Re: Why Ligatures?

From: Alain LaBont\i - ordi1dgsig (
Date: Wed Oct 15 1997 - 20:20:33 EDT

A 12:25 97-10-15 -0700, Chester, Bernard a écrit :
>I guess I don't understand the reasoning behind having ligatures in a
>codepage. For example, Latin 00 proposal wants to add OE and oe
>ligatures to Latin-1.
>Aren't these cases that the display logic should handle, but the data
>actually is 2 letters? Is there a semantic difference if the display
>showed 2 characters? When I search for oe ligature code value,
>shouldn't I match with the octet pair o & e?
>Bernard Chester
>EDM Localization Coordinator, FileNET Bellevue

[Alain] :
OE's are not mere ligatures in French in the sense that the term ligature
is understood in ISO/IEC JTC1/SC2. These characters are *required* for
spelling of certain words in French as per dictionaries, *forbidden* in
others. It acts as an anti-diaeresis if you wish to undertand its function.
The joined digraph represents a pure vowel while separate digraphs
represent two vowels, separated as if there were a diseresis on the second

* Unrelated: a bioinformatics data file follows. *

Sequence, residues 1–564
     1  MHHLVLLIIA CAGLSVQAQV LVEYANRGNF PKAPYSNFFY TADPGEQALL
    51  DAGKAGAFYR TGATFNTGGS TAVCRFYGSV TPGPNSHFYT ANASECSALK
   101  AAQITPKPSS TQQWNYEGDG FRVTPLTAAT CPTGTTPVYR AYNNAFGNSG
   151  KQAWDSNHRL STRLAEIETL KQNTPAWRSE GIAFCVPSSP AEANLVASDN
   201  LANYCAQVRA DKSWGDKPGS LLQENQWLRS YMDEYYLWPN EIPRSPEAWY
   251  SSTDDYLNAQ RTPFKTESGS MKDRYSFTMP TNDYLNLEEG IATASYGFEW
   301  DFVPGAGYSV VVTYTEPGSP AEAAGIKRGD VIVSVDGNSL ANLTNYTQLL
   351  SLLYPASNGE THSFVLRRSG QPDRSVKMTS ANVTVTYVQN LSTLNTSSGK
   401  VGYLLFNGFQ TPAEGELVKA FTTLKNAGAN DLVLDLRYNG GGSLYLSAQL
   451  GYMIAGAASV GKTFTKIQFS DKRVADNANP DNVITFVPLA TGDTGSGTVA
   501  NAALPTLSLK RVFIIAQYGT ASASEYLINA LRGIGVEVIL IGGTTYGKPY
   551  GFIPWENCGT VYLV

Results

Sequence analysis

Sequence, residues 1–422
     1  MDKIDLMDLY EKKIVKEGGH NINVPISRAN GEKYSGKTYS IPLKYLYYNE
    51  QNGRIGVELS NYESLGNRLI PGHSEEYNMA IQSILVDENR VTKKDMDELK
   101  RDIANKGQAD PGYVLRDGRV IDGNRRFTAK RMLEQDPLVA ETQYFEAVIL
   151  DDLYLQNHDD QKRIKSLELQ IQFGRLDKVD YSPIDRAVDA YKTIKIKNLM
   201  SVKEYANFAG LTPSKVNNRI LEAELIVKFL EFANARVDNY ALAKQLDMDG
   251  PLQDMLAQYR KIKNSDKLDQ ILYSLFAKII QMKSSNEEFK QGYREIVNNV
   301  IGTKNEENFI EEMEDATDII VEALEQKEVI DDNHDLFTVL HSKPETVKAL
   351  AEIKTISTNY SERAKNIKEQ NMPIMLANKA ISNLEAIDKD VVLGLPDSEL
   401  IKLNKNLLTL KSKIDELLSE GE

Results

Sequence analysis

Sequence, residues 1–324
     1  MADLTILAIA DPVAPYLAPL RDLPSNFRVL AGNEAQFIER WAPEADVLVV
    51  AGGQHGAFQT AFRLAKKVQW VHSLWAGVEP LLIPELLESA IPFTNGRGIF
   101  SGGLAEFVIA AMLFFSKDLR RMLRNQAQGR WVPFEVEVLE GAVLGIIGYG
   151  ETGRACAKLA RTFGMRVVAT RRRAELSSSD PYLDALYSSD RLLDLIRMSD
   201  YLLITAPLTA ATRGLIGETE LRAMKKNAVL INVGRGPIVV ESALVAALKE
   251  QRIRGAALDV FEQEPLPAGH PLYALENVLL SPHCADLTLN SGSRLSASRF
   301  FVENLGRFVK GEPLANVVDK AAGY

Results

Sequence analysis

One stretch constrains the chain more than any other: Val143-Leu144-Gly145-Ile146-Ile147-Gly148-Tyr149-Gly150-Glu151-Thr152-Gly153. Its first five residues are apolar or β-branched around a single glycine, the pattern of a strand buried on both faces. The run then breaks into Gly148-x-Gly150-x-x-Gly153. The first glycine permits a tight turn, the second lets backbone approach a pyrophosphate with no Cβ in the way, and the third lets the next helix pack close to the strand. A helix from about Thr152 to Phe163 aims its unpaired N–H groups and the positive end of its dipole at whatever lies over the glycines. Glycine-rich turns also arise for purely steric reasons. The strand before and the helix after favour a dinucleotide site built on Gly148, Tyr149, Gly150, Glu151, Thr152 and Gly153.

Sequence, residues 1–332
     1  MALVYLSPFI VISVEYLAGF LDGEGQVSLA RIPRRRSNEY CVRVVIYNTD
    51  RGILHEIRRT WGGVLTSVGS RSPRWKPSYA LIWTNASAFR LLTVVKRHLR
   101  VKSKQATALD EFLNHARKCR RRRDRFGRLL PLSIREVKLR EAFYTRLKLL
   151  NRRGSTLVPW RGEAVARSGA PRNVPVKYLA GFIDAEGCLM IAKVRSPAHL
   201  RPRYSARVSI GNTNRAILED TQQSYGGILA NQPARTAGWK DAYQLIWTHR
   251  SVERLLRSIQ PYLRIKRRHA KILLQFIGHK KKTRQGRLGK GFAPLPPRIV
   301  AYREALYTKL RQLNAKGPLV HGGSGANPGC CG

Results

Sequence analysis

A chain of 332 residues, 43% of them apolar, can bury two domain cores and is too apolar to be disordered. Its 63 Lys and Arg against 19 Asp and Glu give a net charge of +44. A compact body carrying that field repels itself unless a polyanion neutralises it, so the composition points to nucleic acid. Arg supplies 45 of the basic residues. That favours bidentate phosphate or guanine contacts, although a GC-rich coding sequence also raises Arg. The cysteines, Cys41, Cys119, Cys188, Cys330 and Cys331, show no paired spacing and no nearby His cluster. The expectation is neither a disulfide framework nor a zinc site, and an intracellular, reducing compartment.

e (but there is none!)

Examples :

cœur (c<oe>ur), ŒUVRES (<OE>UVRES) COMPLÈTES DE VICTOR HUGO, bœuf, œuf
[the joined digraph is required]

coexistence, coercitif, Groenland
[the joined digraph is prohibited, and there is no diaeresis to give us a

So these characters (Œ=OE, œ=oe) are called JOINED DIGRAPH in Latin 0, not

For searching, equivalence with the two characters is required sometimes
(to allow searching in old files which were technically poor) and not in
other circumstances.

For sorting, proximity is desired with separated digraphs oe and OE, but
there is a difference in case of homographic ties (see ISO/IEC FCD 14651,
under ballot by the end of this month).

If you want to make a parallel with other languages, it is about the same
as eszet (ß) in German, except that we definitely need the upper case
letter as well (as French also needs an uppercase Y DIAERESIS, this is also
fixed in Latin 0).

Alain LaBonté

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